A few weeks ago I wrote about a future in which China would seek to fracture the unity of the West so as to undermine the prevailing international system and install global rules/norms that suit its own interests. In the article I used the recent Australian defense white paper to argue that 1) this process was already underway and 2) that the Pacific members of the West would bare the brunt of Beijing’s efforts for the time being. I wrote:
As such, it is likely China will focus on co-opting the Pacific members of the West before moving on to fracture Europe’s unity and strain U.S.-European ties. This is why the recent Australian defense paper is so troubling – it indicates the shift in priorities has already begun in Asia, even amongst long-standing U.S. allies.
However, while browsing the New York Times yesterday morning I came across an article that is not only an excellent example of such a Chinese foreign policy but also proves Beijing is already acting to divide Europe on key issues.
While the issue of solar panal tarifs does not seem of strategic significance at first glance, it is in fact an important subject for two reasons. First, if Beijing succeeds in undermining the European Commission’s attempt to levy the solar tarifs it will call into question the ability of the EU to negotiate trade issues as a bloc. The Treaty of Lisbon bestowed all parts of the EU with legal personality, meaning the Union can sign international treaties in its own name on issues ranging from trade and investment to foreign policy and security. Prior to this, only the European Communities (the economic pillar of the EU) had legal personality; the Lisbon Treaty was supposed to usher in a new era of European unity on international affairs.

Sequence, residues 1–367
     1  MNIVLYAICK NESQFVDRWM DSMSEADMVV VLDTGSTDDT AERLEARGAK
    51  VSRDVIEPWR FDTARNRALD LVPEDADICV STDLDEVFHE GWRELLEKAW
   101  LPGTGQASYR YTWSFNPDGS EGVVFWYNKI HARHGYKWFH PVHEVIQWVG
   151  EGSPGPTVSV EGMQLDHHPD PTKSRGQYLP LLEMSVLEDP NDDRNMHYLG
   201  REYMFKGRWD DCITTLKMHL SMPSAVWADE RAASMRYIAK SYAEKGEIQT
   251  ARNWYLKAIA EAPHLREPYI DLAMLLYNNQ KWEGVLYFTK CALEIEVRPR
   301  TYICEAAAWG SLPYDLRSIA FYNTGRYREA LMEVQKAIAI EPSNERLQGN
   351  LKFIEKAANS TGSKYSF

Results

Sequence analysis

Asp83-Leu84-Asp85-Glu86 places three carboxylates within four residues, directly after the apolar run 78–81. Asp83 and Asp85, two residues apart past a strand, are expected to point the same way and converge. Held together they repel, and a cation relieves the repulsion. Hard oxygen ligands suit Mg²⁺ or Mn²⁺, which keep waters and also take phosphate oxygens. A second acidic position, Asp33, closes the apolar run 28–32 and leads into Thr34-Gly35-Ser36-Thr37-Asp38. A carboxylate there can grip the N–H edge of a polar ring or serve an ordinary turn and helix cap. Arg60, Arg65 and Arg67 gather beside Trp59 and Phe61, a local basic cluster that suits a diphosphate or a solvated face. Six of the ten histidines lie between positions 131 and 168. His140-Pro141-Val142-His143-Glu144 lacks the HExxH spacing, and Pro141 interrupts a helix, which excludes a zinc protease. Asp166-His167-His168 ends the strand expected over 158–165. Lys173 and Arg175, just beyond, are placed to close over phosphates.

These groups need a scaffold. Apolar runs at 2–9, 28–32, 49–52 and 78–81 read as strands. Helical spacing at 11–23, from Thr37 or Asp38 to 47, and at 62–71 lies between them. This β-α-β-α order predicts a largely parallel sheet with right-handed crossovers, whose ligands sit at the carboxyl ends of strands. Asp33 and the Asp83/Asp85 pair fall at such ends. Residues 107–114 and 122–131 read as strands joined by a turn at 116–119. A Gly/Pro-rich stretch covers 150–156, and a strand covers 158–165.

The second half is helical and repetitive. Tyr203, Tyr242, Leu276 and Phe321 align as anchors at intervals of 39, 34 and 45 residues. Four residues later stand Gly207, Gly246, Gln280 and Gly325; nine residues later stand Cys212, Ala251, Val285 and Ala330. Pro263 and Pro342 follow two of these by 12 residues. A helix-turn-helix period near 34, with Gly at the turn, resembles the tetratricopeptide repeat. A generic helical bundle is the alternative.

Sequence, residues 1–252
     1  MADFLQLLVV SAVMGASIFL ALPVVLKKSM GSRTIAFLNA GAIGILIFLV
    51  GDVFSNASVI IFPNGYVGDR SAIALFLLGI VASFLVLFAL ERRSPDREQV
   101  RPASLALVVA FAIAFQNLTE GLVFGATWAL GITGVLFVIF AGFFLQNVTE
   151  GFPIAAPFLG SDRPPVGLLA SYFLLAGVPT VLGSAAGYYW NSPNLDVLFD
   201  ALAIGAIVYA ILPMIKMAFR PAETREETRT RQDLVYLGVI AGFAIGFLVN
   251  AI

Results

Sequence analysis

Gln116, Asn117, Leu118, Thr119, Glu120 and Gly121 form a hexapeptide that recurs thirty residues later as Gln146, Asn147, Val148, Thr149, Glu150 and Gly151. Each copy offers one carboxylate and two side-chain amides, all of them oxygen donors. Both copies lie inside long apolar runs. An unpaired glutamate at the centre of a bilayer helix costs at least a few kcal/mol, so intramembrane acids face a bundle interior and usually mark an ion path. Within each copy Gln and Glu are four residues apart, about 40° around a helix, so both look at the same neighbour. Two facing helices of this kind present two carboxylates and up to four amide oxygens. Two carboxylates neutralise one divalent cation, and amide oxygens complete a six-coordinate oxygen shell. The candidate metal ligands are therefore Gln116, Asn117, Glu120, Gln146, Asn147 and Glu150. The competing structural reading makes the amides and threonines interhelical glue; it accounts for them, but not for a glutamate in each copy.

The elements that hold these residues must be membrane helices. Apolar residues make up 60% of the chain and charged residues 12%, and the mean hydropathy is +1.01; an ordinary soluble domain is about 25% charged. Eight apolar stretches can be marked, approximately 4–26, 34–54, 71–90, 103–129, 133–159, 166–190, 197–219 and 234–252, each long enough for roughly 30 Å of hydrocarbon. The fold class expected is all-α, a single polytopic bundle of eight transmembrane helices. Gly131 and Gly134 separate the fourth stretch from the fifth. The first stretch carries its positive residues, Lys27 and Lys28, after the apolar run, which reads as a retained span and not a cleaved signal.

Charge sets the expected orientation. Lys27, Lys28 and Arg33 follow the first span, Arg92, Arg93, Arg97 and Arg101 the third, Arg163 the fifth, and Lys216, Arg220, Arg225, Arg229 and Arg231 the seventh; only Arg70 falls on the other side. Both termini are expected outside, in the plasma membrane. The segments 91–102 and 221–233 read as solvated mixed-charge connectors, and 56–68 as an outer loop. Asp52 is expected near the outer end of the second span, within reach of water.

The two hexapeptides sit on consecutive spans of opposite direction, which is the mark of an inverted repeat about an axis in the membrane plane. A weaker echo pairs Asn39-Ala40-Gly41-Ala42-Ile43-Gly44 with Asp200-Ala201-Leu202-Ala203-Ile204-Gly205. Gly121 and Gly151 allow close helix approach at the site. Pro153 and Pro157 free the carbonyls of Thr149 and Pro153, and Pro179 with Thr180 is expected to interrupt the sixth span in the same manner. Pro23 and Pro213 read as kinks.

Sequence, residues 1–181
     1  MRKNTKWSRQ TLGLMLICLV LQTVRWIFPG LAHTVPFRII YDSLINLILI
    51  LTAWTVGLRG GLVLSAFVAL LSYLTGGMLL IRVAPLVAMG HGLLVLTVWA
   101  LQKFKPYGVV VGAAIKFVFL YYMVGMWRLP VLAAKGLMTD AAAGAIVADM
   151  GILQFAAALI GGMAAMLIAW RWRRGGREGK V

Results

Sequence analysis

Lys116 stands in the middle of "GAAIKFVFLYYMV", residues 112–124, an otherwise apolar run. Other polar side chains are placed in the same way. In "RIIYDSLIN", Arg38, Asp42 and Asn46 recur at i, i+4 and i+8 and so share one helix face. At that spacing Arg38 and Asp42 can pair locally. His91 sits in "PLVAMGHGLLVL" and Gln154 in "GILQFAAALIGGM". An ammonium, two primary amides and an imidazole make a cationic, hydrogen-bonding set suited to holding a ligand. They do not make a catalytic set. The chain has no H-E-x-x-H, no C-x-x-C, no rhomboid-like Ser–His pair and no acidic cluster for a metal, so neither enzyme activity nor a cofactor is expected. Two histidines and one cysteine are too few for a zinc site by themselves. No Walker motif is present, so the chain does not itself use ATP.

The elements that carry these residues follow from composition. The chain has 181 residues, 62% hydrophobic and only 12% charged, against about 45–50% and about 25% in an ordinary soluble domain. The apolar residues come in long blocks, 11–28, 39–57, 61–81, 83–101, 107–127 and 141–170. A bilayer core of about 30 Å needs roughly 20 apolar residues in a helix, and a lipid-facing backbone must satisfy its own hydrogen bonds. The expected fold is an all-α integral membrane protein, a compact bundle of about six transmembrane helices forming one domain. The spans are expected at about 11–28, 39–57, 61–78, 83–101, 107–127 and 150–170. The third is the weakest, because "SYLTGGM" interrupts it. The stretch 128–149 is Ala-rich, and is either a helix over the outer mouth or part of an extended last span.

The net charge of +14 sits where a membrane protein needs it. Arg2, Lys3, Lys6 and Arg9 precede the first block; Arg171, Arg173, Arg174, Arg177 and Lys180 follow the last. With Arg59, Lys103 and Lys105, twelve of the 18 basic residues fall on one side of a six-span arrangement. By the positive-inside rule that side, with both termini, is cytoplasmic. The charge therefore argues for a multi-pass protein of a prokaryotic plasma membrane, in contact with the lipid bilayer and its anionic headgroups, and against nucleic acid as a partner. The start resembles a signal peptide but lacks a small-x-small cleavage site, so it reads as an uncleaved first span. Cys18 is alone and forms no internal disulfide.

Second, as I mentioned in my previous article, once one Western country makes the move to seek better bilateral relations with China by sacrificing solidarity with the West it becomes easier for other countries to follow suit. It breaks the status quo inertia. In this case, Germany is lobbying against the tarifs because of strong trade ties with China. It is unclear how the issue of EU tarifs against Chinese solar panels will be decided, but so far it appears Beijing has the advantage. It will be interesting to follow this story and any others like it that crop up in the coming years.
06/02/2013 Update: The NY Times just reported that the EU is backing down on the severity of tariffs it is going to levy against Chinese solar panels during the next few months while negotiations are underway with Beijing to seek a permanent solution to the issue. It is clear the European Commission felt pressured to lower the tariff rate from 47% to 11% because of uncertain support from several member states, namely Germany.